I suggest that only those who support the gerrymander - the unfair loading of electorates - will seek to defeat this Bill. Surely it is not valid argument - I have heard this said on several occasions during this debate - that because a provision has been in the Electoral Act for more than 70 years it should remain there. If this is the attitude to change of those in Opposition, there can be no doubt that they will remain in the political wilderness for a long time. The Opposition must realise that the people of Australia are demanding change. In December 1972 the people gave a clear and definite indication of that demand. Members of the Australian Country Party are opposing the change because they have a vested interest in maintaining low electoral enrolments. It appears that they oppose the democratic belief that enrolments for divisions should be as nearly as possible equal. Apparently they believe that the number of electors necessary to form a country electorate should not be the number required by the quota, certainly not the number allowed in excess of the quota, but very definitely a number approximating that permitted below the quota. A perusal of enrolment figures shows that many electorates represented by Country Party members contain the lowest enrolment figures that can be arranged in accordance with provisions of the Electoral Act. Consequently, it appears that Country Party members wish to represent the least number of people. In turn, because of low enrolments in Country Party electorates, the people in country areas have a greater voting power than people in the cities.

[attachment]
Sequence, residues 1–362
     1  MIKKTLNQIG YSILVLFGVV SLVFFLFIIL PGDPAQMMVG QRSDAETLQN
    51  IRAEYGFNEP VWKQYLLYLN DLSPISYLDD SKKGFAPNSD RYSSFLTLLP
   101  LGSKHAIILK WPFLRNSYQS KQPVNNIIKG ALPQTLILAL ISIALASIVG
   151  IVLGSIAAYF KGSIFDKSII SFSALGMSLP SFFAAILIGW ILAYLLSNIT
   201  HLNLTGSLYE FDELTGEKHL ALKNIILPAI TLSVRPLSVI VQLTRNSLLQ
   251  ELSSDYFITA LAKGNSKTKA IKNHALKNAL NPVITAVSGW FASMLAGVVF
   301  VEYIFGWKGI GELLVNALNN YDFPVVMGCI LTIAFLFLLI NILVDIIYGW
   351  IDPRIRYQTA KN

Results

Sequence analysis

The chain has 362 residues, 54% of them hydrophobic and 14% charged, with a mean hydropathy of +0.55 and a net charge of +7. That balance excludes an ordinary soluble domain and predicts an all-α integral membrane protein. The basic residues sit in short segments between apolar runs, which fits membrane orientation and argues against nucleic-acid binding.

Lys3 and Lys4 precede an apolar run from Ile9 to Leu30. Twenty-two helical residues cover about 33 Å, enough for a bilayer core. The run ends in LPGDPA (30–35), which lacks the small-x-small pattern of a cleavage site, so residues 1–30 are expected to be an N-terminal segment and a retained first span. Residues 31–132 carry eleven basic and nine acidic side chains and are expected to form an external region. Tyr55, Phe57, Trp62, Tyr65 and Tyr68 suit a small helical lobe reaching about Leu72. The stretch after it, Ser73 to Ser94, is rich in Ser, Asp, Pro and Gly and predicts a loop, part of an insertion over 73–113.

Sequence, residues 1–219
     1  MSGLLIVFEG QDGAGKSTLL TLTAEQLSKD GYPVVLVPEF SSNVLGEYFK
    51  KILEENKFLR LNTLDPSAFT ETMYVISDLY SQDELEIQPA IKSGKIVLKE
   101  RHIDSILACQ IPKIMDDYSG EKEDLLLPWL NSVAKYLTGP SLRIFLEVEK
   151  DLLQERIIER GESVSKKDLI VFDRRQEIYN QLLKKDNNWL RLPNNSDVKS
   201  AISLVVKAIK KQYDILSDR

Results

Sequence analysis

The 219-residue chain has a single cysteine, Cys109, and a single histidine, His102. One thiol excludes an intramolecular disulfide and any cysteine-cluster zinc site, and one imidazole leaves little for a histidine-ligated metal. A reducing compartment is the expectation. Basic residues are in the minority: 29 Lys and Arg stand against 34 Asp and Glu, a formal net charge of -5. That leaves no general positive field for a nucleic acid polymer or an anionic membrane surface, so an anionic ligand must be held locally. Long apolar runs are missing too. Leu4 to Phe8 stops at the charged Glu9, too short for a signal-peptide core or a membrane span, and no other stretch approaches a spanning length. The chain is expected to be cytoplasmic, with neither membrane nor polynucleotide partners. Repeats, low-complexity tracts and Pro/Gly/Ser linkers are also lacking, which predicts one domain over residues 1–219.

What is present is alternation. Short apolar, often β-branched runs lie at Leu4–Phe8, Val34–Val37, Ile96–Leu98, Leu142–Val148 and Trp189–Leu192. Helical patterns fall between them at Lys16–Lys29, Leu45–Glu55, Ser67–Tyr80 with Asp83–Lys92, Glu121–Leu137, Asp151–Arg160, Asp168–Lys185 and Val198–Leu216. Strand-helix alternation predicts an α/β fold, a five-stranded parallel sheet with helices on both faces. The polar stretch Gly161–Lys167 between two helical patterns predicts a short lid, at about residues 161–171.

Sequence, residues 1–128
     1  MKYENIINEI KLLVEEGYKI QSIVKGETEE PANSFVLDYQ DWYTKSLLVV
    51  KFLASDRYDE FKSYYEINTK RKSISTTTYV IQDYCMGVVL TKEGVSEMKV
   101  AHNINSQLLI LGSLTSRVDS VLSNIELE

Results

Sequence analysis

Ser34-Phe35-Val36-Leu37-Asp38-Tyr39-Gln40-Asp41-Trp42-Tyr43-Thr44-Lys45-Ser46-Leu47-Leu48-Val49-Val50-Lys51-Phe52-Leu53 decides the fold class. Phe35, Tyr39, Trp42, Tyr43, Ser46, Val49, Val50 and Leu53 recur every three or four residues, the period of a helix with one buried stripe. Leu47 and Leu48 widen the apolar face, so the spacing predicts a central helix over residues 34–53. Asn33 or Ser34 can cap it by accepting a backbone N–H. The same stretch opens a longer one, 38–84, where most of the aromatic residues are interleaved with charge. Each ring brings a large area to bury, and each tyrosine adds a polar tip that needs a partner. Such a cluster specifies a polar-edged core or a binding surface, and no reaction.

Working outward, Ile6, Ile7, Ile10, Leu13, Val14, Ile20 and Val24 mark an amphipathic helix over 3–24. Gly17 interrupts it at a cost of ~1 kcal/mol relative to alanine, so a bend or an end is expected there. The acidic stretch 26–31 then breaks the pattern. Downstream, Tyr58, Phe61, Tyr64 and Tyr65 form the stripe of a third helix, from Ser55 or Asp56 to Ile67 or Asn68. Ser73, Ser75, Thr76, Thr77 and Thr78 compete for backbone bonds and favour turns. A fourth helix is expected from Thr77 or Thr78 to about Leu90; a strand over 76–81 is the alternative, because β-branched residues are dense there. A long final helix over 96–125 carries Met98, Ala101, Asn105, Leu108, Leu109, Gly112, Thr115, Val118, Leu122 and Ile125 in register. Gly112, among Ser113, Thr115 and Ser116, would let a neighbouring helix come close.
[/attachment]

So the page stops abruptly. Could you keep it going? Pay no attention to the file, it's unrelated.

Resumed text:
Let me make it clear that, contrary to what previous speakers have stated, there definitely is no animosity on the part of honourable members on this side of the chamber towards people living in the country. On the contrary - I believe figures prove this and 1 hope to show this in the limited time I have available to me - there is a definite animosity on the part of Country Party representatives and those in command of the Country Party machine towards people who live in the cities. If honourable members listen to me, I will explain to them what happened in Brisbane last Saturday as a result of the animosity and the apparent hatred of certain people in Queensland towards people who live in the cities. I hope that members of the Liberal Party will take heed of this because it is extremely important to them.

Mr Cooke - We are all ears.

Mr DOYLE - I have noticed that but ] did not like to say anything. I suggest that this type of electorate loading suits the Country Party. It has been their political lifeblood for many years. It is not a good thing for the nation or the people of the country. I do not subscribe - I make no apology for saying this - to a policy which gives country people up to 50 per cent advantage over city people in respect of the value of votes cast. This has been permitted to occur for far too long and, as a representative of a city electorate, I believe that this unfair practice must cease.

I realise that many city dwellers resident in my electorate do not vote for the Australian Labor Party. This can be said of all electorates throughout the nation. However, I assure these Australian people who are city dwellers, particularly those living in the Lilley electorate, that I shall not be a party to selling them short and downgrading the value of their vote. They have a democratic right to electoral equality. I am somewhat shocked to see the